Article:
Data is not recognized as an asset class, so its importance is overlooked. Infrastructure sectors are only beginning to understand how to derive, capture, and fairly allocate value from data.
There are misconceptions about data ownership. The common misconception is that data should be dealt with as a type of intellectual property, like engineering plans, operations manuals and software. This is often wrong because the others are protectable as copyright works and sometimes as patentable subject matter. Many data sources and data sets are not creations of human hands and are not protectable in these ways.
Insights from data analytics often come through a combination of data from multiple sources or different points in a multiparty data ecosystem, where the rights of aggregation, combination, and use to create outputs and insights are not captured and held by a single party. Variety of parties and data custodians creates contracting challenges, particularly if data value is sought to be captured by the commissioners of a physical infrastructure as a trade secret.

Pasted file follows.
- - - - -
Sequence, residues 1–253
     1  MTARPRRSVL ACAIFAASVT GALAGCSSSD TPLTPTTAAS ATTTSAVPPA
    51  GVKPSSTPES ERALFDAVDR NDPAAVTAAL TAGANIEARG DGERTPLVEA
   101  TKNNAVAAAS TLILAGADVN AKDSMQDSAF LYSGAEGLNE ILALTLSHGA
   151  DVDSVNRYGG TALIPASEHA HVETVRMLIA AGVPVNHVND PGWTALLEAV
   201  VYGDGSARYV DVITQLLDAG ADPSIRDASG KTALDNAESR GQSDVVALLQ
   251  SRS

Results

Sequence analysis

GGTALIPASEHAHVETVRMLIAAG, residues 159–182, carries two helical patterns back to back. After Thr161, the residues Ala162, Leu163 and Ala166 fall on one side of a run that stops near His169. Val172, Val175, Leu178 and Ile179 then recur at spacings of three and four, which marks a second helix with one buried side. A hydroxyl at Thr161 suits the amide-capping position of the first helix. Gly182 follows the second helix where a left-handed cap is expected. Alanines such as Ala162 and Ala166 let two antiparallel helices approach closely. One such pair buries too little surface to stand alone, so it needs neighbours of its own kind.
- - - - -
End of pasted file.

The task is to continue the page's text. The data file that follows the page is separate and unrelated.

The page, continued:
To the extent the value of data in individual projects is brought into expense and revenue projections, data are often valued in relation to a specific project and not for its application to affect a class of infrastructure assets or its potential use to increase utilization of an infrastructure asset.
Misconception as to who owns data causes particular problems. Data, mathematical formulae generally cannot be legally owned as ownership is legally determined in most places. As a result, licensing data often does not make legal sense. The statement that no one owns data is technically true as a matter of property law in many jurisdictions. However, it is also misleading.